Update of the national protocol for the Legal Interruption of Pregnancy

An update of the National Protocol for the comprehensive care of people entitled to legal termination of pregnancy was published yesterday in the Official Gazette.

“Below, we offer a google translate version of the original article in Spanish. This translation may not be accurate but serves as a general presentation of the article. For more accurate information, please switch to the Spanish version of the website. In addition, feel free to directly contact in English the person mentioned at the bottom of this article with regards to this topic”.

The Ministry of Health of the Nation approved by Resolution N ° 3158/2019 the third update of the guide that contains the guidelines and standards of care for cases of abortions allowed by law. The first protocol was prepared in 2007, and was updated in 2010 and 2015, where it incorporated the provisions made by the Supreme Court in the FAL ruling of 2012.

On this occasion, the update was carried out in the light of the new Civil and Commercial Code, which was sanctioned in 2015, particularly with regard to minors and persons with disabilities. In addition, it contains the latest recommendations regarding medical procedures recommended by the World Health Organization.

Main topics

The Protocol aims to “guarantee the dignity and rights of every person capable of gestating and, therefore, potential subject to the right to ILE, when his life or health is in danger, or is taking a pregnancy as a result of a violation, regardless of whether he is a person with or without a disability. ”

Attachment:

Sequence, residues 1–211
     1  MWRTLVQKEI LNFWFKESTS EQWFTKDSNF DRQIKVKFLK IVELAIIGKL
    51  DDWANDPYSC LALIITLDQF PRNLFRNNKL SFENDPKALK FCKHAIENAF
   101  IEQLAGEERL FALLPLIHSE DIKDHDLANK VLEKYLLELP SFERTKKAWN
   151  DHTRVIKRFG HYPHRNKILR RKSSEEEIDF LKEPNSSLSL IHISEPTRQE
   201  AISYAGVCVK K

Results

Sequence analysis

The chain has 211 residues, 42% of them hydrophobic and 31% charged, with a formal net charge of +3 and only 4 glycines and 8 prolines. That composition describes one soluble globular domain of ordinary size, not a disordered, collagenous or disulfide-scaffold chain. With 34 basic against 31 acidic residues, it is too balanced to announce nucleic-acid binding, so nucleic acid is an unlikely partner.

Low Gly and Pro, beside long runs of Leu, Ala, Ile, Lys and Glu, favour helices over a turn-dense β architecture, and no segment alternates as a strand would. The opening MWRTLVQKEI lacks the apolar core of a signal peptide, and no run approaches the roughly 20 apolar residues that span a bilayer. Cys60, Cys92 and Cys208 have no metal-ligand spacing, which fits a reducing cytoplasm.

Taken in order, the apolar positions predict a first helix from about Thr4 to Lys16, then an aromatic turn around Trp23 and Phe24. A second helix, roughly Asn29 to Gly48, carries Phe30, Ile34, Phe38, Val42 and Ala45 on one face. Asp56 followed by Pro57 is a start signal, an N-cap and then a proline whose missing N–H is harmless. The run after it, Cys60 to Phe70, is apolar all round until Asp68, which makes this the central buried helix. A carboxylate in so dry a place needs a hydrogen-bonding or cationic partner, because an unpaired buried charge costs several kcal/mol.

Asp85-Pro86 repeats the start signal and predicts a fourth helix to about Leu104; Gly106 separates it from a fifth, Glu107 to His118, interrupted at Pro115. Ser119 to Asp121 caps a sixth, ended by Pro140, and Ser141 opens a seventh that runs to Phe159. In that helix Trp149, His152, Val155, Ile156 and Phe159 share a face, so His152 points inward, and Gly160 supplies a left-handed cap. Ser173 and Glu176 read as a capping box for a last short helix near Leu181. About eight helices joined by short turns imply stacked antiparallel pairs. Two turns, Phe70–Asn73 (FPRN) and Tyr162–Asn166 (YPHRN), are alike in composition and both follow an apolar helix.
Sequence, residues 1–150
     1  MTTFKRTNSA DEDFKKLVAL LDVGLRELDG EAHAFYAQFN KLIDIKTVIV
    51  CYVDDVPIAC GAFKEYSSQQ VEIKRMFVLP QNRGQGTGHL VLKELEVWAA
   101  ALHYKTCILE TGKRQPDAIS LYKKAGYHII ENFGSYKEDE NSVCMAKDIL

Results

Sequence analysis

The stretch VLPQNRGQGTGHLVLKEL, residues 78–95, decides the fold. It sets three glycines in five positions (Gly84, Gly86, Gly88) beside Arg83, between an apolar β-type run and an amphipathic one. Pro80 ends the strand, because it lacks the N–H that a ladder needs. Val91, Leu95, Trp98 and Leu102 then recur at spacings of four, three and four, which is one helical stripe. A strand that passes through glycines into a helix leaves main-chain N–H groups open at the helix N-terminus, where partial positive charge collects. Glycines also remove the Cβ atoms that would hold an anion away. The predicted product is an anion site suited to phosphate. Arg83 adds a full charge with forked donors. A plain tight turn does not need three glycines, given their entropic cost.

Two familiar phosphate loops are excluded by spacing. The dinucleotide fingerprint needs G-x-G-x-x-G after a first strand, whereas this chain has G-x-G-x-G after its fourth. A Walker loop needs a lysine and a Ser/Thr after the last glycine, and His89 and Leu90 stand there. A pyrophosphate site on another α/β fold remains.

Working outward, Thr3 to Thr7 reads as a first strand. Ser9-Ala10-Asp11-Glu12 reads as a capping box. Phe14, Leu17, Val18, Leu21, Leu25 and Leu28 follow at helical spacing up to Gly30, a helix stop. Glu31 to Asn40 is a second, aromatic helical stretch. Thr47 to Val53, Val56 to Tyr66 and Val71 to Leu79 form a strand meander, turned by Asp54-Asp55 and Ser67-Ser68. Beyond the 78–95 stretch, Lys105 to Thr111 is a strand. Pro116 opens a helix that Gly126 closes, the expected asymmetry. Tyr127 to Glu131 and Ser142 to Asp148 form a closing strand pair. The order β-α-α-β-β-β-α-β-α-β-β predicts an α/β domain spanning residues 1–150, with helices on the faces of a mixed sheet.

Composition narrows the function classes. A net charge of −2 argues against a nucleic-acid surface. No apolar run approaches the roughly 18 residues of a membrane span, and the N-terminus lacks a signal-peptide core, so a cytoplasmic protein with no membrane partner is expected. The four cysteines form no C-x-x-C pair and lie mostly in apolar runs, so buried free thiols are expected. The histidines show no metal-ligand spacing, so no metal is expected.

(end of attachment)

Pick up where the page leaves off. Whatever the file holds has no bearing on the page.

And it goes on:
It is based on the principle of autonomy of people, so it requires informed consent from those who require access to practice. On consent, the new protocol introduces some new features:

Children and adolescents:

  • “All girls, that is, under 13 years of age, may give their consent with the accompaniment of their parents, legal representatives, people who formally or informally exercise care roles,“ close friends ”or affective referents. These must participate jointly with the girl in the decision-making process and must sign confirming the girl’s informed consent. The principle of progressive autonomy should guide the actions of the health team and the accompanying adults. If there is an unjustified refusal of their parents, guardians or in charge of accompanying the decision of the girl, the conflict between both parties must be resolved from the health team taking into account the best interest of the girl and her ability to decide based on development of its progressive autonomy. The integral health assessment should consider the increased risks associated with pregnancies at these ages and the possible consequences of carrying out the practice or not. ”
  • Teenagers from 13 to 16 years old can consent autonomously, that is, without the consent of their parents being necessary. Only in cases where a procedure involving an act considered to be invasive (which may endanger your health or your life) should be used, will the consent of your parents, legal representatives, people who formally or informally exercise care roles be necessary, “close” people or affective referents. This assent implies the accompaniment of the decision of the right holder, that is, the adolescent.